Tom Weir (aka OLD MOON) is a rural New Hampshire artist, who’s been putting out some classy singles throughout the past months of the year, and today it’s our pleasure to give you the full profile of an interesting new artist, capturing capture the nuances of some of the dark aspects of life, locking them in a pleasurable, hauntingly beautiful sonic experience. Soothing, resolutely unfiltered, and magically uplifting, OLD MOON’s offerings promise an enlivening experience and cozy artistic rendering that captures the essence of intimate stylistics of this musical niche.
Both new tracks, “Past Lives” and “Exile Theme” are forerunners of the new EP “Past Lives”, scheduled for a June 19th release digitally and on cassette.
We caught up with Tom to give us a bit more details about his background and what led him to start OLD MOON, as well as loads of other insights that can be learned after the scroll (other bands recommendations, Spotify Playlist and “Top 10 Artists That Inspired Old Moon” included).
I came up with the name Old Moon this past winter, when the world was looking bleak, little did I know it would get bleaker. For now the band is just me (Tom). I’ve had collaborators in the past for other bands and am open to working with people again in the future, especially for live shows; but right now it works best for me to do everything and make all the creative calls myself. I have a studio at home where everything is recorded and I’ve found that I can work super efficiently on my own there.
While I do love being in control, I grew up playing in punk bands and have been in a lot of different tiny bands over the years and sometimes miss the camaraderie that comes along with that. If the right people come along in the future I think I would be open to bringing in some other members. I have a background working in the music industry in NYC, but several years ago moved back to rural New Hampshire which is really when I started getting into fleshing out my studio and digging into this more melodic and janglier style of post-punk.
𝑇ℎ𝑒 𝑃𝑎𝑠𝑡 𝐿𝑖𝑣𝑒𝑠 𝐸𝑃 𝑎𝑠 𝑤𝑒𝑙𝑙 𝑎𝑠 𝑡ℎ𝑒 𝑛𝑒𝑤 𝑠𝑖𝑛𝑔𝑙𝑒𝑠 “𝑌𝑜𝑢𝑟 𝐴𝑟𝑚𝑠” 𝑎𝑛𝑑 “𝐻𝑒𝑎𝑣𝑦 𝐴𝑖𝑟” 𝑏𝑜𝑡ℎ 𝑐𝑎𝑚𝑒 𝑎𝑏𝑜𝑢𝑡 𝑎𝑙𝑚𝑜𝑠𝑡 𝑏𝑦 𝑎𝑐𝑐𝑖𝑑𝑒𝑛𝑡.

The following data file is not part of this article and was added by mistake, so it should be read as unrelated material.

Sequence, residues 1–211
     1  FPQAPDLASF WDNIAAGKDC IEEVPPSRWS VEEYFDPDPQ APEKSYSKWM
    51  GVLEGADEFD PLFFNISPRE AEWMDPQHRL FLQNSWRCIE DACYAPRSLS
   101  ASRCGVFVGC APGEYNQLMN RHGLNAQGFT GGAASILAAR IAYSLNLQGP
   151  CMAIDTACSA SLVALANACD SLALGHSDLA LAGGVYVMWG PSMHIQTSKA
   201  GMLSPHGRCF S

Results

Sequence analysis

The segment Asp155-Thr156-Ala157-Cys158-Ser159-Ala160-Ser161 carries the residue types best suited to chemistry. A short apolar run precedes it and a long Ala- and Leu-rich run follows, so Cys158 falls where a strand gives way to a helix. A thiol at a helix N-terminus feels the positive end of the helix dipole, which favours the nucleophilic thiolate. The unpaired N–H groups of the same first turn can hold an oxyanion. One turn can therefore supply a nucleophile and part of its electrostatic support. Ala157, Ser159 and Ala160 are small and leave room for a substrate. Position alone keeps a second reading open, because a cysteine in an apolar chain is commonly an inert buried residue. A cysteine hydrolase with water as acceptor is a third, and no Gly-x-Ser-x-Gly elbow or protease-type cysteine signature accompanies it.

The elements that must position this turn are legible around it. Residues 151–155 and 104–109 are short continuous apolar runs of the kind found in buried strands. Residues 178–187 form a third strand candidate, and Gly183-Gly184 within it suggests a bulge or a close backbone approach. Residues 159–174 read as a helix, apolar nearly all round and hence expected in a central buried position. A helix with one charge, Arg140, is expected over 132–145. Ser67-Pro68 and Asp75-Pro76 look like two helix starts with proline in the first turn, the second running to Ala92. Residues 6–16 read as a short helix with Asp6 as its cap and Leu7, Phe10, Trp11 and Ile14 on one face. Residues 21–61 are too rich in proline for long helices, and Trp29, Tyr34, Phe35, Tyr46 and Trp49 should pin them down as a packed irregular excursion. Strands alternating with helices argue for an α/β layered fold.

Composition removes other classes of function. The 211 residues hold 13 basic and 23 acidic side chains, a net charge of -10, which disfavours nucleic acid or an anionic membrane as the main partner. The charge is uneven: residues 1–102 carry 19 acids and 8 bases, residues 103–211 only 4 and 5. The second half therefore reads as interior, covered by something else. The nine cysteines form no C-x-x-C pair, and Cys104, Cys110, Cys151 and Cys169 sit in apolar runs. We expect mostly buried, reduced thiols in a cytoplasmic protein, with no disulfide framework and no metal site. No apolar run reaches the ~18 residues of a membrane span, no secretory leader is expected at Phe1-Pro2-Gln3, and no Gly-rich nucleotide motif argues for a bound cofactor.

Just tinkering with my guitar turned into a body of songs that meshed really well and captured a moment in time for me perfectly. The sessions started right around the time that our community was going into lockdown/isolation mode with the current pandemic. I had a lot of time at home thinking, and the songs on Past Lives really reflect that.
The lyric themes from Past Lives deal with a lot of personal issues, from insecurities to past destructive behavior and some of the guilt that comes along with that, but as the EP progresses the songs get more hopeful, sunshine starts to peek in through the cracks. The singles are more hopeful as well, with lyrics that speak to positive relationships and the strange comfort of isolation.
Asked about his plans for the rest of 2020 and some possible new music, Tom commented:
Past Lives comes out on June 19 and there will be cassettes available for purchase on my Bandcamp. I’m working on a free covers EP that should surface later this summer too. I’m sitting on a bunch of new material as well, and hope to put something new out in the fall – either an EP or LP. I record all the time. I would love for the world to return to normal so I can play these new songs live soon too, but I guess we have to wait and see what happens.
Track by track commentary:
Past Lives: This was the first song I wrote for this EP and I think it really helped shape the tone of the rest of the songs. This song is about learning to forget about dwelling on the past and all the shitty things you’ve done.
Tyranny: This is probably the darkest song of the bunch. Tyranny is about a time in my life when I lived very self destructively – drank too much, did too many drugs – I was sort of on the brink of it taking over everything.
Cycles of Guilt: I love the chorus of this song, it’s where the hope starts to shine through.
Exile Theme: This is probably the most melodic of the songs on Past Lives. I was super inspired by the way Peter Hook does a high vocal and a low vocal on New Order’s “Dreams Never End” and I wanted to try that same technique here. I think it works super well. This song was written when we were really in lockdown mode over here not leaving the house much, but the song takes a positive spin on it – there’s really something nice about just digging into your own space sometimes and hiding out from the world.
Your Arms: I love this track, but didn’t feel it worked with the EP which is which I released it for free along with Heavy Air. It’s definitely janglier and a little more melodic, which I don’t think is a bad thing.
Heavy Air: I thought this song worked super well as a standalone B side to Your Arms. It’s melodic and jangly but still has that vibe.
𝑇ℎ𝑒 𝐶𝑂𝑉𝐼𝐷-19 𝑝𝑎𝑛𝑑𝑒𝑚𝑖𝑐 𝑎𝑛𝑑 𝑙𝑜𝑐𝑘𝑑𝑜𝑤𝑛 ℎ𝑎𝑠 𝑏𝑒𝑒𝑛 𝑐ℎ𝑎𝑙𝑙𝑒𝑛𝑔𝑖𝑛𝑔.